My summer, however, was not completely a storyline from a slasher film that would be released captioned ‘based on a true story’, albeit my summer started off like a Friday the 13th sequel, each day brought something to be grateful for, whether it was having fresh American style donuts and waffles for breakfast, sunbathing by a lake and making s’mores around a bonfire or celebrating 4th July drinking from red cups and under fireworks at a local bar. I won’t deny that during my experience there I wanted to go home, cried because we felt segregated because we didn’t share the same religion and we felt like we were being treated unfairly, or homesick when family day came around at camp. The conditions I lived in for 9 weeks were not what I expected, I was constantly covered in mud, I slept with bugs in my bed, the showers would sometimes not be warm for days and our toilets blocked so regularly that I can now quickly plunge a toilet with my eyes closed. Pennsylvania rained more than England does, I almost stood on a snake, had to take cover inside because there were bear sightings on camp and were next to so many skunks that I’m surprised I didn’t have to bathe in tomato juice at any point.

“On my return to England after spending 3 months in America working and traveling, nostalgia hit me hard”

On my return to England after spending 3 months in America working and traveling, nostalgia hit me hard, and the memories of waking up each morning to 32 individuals from all around the world who became my best friends, who were like my rocks and at the end of an exhausting day you knew something good would come out of it as we spent time at the lake watching the sunset. Becoming a big part of the campers lives in making them smile everyday and receiving hugs from them every time they saw me, taking part in archery, horse riding, gymnastics and water sports. Camp gave me the opportunity to see places like Nigeria falls, small town county fairs that were filled with locals and not tourists where I could see pig races. I left camp educated about other cultures and religions around me, more knowledge than what I gained in GCSE religious studies if I’m honest.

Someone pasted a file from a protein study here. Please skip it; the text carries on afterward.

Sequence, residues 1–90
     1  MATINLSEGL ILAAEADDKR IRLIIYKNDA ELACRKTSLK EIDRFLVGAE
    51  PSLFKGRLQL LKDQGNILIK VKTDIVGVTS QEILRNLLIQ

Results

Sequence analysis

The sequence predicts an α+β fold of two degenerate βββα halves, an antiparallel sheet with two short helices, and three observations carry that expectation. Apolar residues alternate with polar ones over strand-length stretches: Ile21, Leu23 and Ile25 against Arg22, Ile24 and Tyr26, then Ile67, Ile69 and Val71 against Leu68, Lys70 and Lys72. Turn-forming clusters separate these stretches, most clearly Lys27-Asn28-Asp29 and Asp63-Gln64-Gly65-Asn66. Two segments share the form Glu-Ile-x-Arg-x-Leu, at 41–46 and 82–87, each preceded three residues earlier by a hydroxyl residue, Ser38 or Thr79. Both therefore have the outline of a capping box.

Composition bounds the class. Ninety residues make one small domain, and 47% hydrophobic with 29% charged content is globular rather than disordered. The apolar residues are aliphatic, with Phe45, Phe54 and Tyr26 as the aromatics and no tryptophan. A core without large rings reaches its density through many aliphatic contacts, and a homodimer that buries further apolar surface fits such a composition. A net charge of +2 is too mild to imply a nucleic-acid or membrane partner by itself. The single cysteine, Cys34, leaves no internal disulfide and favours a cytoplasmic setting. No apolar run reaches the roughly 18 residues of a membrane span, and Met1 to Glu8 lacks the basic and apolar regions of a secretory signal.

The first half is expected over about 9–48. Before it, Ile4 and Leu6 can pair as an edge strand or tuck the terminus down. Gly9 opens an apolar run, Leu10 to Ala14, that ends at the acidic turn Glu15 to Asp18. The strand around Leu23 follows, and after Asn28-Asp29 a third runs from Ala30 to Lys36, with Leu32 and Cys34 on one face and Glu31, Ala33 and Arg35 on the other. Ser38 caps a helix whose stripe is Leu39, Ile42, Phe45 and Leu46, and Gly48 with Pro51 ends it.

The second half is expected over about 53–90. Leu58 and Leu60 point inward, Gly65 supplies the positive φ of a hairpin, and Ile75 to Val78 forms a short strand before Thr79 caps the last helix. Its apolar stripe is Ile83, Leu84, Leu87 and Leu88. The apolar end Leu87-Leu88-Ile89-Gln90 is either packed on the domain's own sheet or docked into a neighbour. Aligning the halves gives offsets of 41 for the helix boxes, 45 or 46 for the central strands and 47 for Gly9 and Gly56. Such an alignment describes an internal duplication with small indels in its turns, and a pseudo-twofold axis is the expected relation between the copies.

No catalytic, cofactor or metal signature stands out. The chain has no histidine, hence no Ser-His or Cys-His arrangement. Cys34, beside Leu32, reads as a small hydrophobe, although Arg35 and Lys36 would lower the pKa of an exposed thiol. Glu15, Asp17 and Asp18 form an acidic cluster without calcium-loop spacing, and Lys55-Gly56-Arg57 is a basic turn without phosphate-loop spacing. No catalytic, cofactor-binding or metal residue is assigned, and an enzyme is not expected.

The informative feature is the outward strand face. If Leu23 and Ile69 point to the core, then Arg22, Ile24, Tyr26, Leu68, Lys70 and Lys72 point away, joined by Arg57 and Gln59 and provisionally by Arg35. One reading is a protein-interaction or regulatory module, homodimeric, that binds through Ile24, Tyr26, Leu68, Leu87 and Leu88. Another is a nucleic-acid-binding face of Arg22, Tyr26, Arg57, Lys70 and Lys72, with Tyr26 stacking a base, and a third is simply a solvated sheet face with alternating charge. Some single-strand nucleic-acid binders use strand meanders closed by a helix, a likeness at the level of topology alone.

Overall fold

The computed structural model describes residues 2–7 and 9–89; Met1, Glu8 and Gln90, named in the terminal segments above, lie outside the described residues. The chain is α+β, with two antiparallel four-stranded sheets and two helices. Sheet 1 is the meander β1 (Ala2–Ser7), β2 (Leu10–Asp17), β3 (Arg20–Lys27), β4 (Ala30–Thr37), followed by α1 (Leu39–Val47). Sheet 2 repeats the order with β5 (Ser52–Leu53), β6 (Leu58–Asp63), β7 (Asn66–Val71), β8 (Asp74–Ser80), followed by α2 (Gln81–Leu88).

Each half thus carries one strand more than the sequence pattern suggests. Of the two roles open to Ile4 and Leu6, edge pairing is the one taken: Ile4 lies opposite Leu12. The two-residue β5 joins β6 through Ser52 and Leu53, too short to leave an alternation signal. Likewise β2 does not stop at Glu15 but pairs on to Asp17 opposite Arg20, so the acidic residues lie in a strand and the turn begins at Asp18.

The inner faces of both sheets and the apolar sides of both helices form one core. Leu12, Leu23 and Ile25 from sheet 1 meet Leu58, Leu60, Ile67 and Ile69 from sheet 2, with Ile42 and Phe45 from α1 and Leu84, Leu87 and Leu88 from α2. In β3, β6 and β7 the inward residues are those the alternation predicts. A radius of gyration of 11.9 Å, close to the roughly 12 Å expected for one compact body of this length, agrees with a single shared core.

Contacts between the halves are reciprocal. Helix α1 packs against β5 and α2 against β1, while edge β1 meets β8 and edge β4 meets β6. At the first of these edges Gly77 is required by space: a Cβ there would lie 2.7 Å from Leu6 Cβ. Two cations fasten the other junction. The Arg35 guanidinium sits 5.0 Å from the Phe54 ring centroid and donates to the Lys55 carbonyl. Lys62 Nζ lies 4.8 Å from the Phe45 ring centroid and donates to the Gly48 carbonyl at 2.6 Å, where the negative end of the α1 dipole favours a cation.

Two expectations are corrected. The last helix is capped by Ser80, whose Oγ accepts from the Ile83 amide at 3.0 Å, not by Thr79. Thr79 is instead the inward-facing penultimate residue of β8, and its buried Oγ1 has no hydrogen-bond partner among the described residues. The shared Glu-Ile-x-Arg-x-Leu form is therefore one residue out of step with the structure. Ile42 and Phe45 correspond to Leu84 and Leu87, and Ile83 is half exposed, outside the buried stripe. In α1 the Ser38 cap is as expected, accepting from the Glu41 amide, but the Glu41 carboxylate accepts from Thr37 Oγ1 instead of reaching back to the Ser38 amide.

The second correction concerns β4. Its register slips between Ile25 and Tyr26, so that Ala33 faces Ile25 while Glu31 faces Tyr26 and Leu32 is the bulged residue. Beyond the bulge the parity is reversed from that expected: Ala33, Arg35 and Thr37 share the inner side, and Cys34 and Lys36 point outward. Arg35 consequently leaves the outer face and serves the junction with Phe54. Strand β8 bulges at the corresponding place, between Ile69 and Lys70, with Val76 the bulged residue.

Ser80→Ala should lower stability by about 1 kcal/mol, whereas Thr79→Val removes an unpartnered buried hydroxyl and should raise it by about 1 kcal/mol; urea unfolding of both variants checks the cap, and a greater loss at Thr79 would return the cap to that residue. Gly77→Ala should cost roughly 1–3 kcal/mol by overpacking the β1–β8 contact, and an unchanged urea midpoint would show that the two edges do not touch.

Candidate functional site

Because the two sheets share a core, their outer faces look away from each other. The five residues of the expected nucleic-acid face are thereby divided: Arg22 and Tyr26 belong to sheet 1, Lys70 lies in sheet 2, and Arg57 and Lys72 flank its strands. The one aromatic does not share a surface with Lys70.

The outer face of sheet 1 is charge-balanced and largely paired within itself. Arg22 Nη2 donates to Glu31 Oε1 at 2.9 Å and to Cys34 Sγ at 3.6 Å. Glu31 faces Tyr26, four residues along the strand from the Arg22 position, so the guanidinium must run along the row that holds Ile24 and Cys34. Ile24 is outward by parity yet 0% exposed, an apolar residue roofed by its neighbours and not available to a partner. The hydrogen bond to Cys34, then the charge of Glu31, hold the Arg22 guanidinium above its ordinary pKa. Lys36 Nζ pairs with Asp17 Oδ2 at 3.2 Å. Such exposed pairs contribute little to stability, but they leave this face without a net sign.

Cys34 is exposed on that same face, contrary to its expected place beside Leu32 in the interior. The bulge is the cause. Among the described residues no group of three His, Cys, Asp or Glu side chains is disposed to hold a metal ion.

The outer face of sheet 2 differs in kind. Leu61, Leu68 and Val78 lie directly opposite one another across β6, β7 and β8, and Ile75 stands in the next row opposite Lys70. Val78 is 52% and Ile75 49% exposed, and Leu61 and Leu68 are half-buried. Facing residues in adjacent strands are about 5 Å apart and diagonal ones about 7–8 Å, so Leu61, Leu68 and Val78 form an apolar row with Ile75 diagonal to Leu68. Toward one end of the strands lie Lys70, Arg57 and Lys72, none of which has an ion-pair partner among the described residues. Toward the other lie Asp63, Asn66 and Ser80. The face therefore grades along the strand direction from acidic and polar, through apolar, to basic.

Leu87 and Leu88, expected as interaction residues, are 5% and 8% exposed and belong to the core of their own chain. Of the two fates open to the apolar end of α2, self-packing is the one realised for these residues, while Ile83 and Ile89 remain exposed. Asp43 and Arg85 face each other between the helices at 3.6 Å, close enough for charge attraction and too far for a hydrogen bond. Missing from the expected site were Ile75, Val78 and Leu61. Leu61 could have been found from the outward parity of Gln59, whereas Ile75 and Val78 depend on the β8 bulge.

“the experience made me grow as a person, I became much more independent and grateful for everything that I have”

I wouldn’t tell anyone to not take the opportunity to spend a summer working at a summer camp, I made friends with people in Australia and New Zealand who I regularly call, as cliché as it sounds, the experience made me grow as a person, I became much more independent and grateful for everything that I have. The advice I would give to someone wanting to spend their summer at camp is to go with an open mind, to not expect anything more than rustique conditions and to keep in mind that the only thing you actually have to worry about is the wildlife that you’re living amongst, by going back to basics it’s a shock at first, but by the end it will feel like the best thing that’s happened to you and you will have some of the best memories that you can only make by doing Camp.